In the past, one of the drivers towards prompt surgical reconstruction after injury was the view that the ACL ‘acts in synergy with all the other stabilising elements in the knee joint, including ligaments and menisci. Once the ACL is ruptured, this can lead to an uncoupling of its five modes of function (which are, in conjunction with other knee ligaments): (1) The ACL resists anterior tibial translation on the femur in flexion (assessed by the anterior drawer sign); (2) The ACL together with the PCL resists hyperextension; (3) The ACL provides a check to internal axial rotation, thereby affording rotary control of the knee; (4) The ACL acts as a secondary restraint resisting both valgus and varus forces throughout the range of knee joint flexion and (5) Tension in the ACL and PCL fine tunes the screw home mechanism of the joint as it approaches terminal extension. Repetitive cyclical loading of the cruciate deficient knee will result in the development of joint disorganisation and arthritis’. While this may be the outcome in some neglected cases, in others this may not occur, especially if the injury has been detected at an early stage and the patient is in the coper category. Prompt detection enables patients to undertake a period of rehabilitation and to modify their activities. While they may experience joint laxity, they will not necessarily experience instability, since the ACL is loaded to only about 20% of its maximum during daily life activities.27 The challenge, therefore, is early detection. ACLR should be considered only if patients wish to return to high levels of sporting activity.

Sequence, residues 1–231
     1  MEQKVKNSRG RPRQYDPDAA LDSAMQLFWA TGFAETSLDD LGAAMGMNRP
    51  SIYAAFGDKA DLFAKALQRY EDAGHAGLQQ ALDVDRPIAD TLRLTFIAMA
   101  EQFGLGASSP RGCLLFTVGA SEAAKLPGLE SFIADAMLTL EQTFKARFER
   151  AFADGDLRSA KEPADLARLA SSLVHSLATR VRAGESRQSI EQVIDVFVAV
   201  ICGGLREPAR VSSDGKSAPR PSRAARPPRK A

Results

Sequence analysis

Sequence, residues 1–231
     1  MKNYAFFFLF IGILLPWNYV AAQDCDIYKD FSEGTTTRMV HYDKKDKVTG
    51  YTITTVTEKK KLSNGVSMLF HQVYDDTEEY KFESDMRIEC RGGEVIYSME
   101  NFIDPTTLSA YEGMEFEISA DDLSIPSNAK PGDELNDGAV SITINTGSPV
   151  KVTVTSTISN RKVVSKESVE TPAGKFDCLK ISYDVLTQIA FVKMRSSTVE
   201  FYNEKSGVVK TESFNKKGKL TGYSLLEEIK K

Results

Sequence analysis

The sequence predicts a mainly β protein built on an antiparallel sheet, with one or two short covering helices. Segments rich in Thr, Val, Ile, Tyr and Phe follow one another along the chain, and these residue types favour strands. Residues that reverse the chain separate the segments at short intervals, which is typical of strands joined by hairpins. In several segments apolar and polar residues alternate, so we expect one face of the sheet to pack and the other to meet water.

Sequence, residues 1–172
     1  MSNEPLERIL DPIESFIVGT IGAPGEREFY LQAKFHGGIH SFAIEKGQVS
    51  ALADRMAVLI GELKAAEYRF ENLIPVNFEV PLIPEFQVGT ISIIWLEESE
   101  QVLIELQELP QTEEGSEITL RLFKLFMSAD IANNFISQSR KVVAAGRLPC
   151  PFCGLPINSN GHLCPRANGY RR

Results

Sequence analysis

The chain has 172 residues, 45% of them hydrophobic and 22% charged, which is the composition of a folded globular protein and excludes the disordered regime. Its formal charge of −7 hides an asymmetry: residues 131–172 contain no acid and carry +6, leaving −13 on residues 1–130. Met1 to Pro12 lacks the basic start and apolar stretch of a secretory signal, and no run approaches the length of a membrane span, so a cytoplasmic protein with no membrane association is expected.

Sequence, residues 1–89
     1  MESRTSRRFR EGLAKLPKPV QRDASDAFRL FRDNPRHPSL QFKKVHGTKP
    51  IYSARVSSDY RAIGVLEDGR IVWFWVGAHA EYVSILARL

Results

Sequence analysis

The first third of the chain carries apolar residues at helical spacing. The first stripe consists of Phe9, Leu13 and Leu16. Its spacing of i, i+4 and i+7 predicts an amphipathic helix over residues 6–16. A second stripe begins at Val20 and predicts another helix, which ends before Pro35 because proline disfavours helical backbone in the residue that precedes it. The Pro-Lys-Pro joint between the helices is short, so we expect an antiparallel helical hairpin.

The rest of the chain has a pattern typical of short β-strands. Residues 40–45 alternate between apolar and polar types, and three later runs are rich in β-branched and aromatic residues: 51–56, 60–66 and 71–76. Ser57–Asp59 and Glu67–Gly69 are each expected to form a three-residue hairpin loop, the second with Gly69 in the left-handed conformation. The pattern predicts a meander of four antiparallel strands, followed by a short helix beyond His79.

Over the past three to four decades, the number of measurements of outcomes related to ACL injury, reporting on all aspects of the management and basic sciences of the injured ACL has increased so much that the topic has become one of the most common reported in the orthopaedic literature. Despite this vast literature base, it is surprising that a consensus on the appropriate management of the cruciate-deficient knee has failed to emerge, except in cases of elite sportspeople.
A recent article that has discussed the evidence base in orthopaedic and sports medicine has stated that there is a need for ‘large randomised multicentre trials that have a low risk of bias and that are powered for hard endpoints and a high level of evidence’.8 The author argues that the evidence base for performance of orthopaedic procedures compares unfavourably with that of other specialities, as only 20% of procedures have been supported in at least one low bias randomised trial that found surgery was favoured over non-operative measures.8